Strong principles: Former Loreto College Principal Judith Potter in her school office. Photo: SUPPLIED

Education first for empowering principal

February 20, 2021 BY

LORETO College Ballarat’s longest serving principal in almost 150 years, Judith Potter has been named as an Honouree for the Zonta Ballarat’s Great Women 2021.

Widely recognised as a leader in girl’s education and an advocate for equality, Ms Potter said while she’s humbled to be acknowledged, none of her achievements were done on her own accord.

“I’m very lucky to have had a career that I have loved the area that I chose and anything that I’ve achieved has been in working in collaboration with a whole lot of people,” she said.

“I don’t think we’ve achieved equality for women yet and I don’t think women realise the amazing things they can do, so that’s how that passion in education developed over the years.

“Equality is there so people are accepted for who they are and are not ranked in different lanes, we all have different gifts and talents, and we should be celebrating that, not looking through narrow criteria, that for me is something at the heart of my passions.”

Advocating for women’s right to education from a young age, Ms Potter said much of the spark behind her hard work comes from her family.

“My original passion for education comes from my parents, I come from a large family and we were given the understanding that the legacy they could give us was our education,” she said.

“My parents were strong on the sentiment of it wasn’t about the gifts you were given but what you did with them and that if you have gifts, you have a responsibility to develop them, not only for yourself but for the good of others.

“I’m also one of the last generations who, when I had my job in high school didn’t get the same pay as the boys so that’s where some of my passion comes from.”

Over 14 years at Loreto Ballarat, Ms Potter saw campus amalgamation, inclusion of rowing, as well as the building of the Mary’s Mount Performing Arts Centre and the Mulhall Centre as well as more recent planning of a new campus.

Although Ms Potter admitted it was exciting to have a part to play in building this infrastructure, she said the most important thing for her was always opening possibilities to allow the pupils to develop and explore interests.

“Getting people to understand how amazing the people in Loreto are over the years, these are amazing girls who don’t realise how amazing they are,” she said.

“At the end of my last year at Loreto, I said to the girls don’t let the negativity of someone else diminish you and that there are enormous possibilities inside you.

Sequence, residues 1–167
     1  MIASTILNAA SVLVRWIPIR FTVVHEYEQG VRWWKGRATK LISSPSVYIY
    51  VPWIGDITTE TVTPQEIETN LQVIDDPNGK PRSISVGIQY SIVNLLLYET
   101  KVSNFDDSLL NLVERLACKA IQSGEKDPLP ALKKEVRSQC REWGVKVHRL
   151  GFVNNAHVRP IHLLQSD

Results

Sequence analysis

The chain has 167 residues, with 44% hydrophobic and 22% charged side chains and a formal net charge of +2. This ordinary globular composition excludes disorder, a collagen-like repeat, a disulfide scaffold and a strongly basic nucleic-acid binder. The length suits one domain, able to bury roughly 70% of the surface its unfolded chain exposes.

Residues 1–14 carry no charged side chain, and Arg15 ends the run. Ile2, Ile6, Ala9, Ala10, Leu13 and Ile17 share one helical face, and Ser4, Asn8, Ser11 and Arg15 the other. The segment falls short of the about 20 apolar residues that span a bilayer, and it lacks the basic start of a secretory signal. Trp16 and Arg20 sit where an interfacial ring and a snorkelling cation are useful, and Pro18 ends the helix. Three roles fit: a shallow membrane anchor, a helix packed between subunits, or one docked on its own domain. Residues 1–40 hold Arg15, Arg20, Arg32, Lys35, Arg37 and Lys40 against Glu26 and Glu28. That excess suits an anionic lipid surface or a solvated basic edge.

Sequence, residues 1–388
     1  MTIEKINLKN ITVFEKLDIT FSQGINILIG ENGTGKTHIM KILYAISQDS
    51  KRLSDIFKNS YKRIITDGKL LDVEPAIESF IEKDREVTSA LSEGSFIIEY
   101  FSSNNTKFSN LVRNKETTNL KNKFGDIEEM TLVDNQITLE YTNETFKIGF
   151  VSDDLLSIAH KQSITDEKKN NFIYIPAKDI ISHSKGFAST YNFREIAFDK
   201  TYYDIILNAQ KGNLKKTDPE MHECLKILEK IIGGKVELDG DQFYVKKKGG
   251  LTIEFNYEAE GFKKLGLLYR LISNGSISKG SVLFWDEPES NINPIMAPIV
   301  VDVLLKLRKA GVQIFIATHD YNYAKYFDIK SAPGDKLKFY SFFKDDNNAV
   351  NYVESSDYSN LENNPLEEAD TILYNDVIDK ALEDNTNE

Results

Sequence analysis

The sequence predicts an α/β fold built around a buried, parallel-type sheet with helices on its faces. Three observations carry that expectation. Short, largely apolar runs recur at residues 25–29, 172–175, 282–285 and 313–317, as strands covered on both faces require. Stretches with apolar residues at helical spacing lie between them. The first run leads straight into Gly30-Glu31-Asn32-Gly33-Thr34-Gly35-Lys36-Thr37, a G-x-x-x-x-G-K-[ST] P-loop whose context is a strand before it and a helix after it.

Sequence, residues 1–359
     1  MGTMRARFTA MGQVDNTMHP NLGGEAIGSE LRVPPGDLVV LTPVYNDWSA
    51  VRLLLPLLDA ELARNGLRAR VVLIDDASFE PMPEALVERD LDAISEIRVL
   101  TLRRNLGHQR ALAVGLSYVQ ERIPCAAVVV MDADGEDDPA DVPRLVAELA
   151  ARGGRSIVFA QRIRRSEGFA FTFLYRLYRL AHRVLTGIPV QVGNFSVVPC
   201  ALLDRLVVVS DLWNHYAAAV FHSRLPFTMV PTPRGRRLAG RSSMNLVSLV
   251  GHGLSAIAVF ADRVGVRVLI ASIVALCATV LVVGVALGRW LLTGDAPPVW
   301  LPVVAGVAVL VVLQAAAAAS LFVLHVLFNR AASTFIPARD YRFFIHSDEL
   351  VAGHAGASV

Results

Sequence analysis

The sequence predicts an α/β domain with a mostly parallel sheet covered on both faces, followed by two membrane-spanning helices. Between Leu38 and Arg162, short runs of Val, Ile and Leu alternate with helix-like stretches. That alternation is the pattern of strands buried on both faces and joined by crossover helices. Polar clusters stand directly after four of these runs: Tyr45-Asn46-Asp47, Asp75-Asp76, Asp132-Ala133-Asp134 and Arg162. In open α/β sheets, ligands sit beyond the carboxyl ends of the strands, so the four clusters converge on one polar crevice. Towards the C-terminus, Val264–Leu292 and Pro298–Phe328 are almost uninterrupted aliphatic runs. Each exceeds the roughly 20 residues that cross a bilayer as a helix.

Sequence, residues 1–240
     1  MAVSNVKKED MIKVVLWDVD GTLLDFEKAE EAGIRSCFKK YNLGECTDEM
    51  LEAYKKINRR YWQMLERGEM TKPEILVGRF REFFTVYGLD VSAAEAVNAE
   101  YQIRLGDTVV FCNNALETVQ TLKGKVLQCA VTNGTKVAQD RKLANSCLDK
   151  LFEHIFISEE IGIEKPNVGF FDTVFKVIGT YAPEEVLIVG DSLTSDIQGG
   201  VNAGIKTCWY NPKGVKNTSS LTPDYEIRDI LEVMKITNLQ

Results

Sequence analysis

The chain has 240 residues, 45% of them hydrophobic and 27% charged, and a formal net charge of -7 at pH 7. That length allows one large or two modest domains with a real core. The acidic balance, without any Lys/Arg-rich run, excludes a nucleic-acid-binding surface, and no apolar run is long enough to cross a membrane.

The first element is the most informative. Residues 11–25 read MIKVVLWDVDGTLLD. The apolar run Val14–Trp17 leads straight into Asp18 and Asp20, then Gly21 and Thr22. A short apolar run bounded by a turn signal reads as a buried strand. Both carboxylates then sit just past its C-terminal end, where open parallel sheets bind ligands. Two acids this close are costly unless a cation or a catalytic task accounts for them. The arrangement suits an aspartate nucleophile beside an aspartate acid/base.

“I said they should all have the courage to try things out, sometimes the thing that might not work can be a pivotal point to lead you towards what you want to do.”

In addition to her role at Loreto, Ms Potter was also awarded the Australian Council for Educational Leaders Vic Fellowship in 2016 as well as a longstanding member of The Invergowrie Foundation Council.

“The foundation that was set up with a quest for the education of girls and women across Victoria and what we can do to enhance their education opportunities,” Ms Potter said.

“We commissioned research that was undertaken by Melbourne University and Deakin University on what is currently being done at STEM particularly for females.

“Because I think the language around STEM has put some people off but it’s actually essential to know the basics to live in the world.”

Having retired from her role as principal, Ms Potter plans to continue giving back through her position of a Melbourne education board.

“I appreciate education so much so if I can give back on the board, that’s something I would be very happy to do,” she said.

“I will balance my time unfortunately due to some health issues but I’m someone that always needs a focus and something to work on, I’m not someone who can just step right back.”

When asked for some final words of inspiration, Ms Potter said it’s important for girls and women to break the trend line of gender roles and bias.

“Don’t say I have to tick off every criteria to put myself forward but to have the confidence that you will learn on the job,” she said.

“Know that the world is a better place for your involvement in it and how important you are.”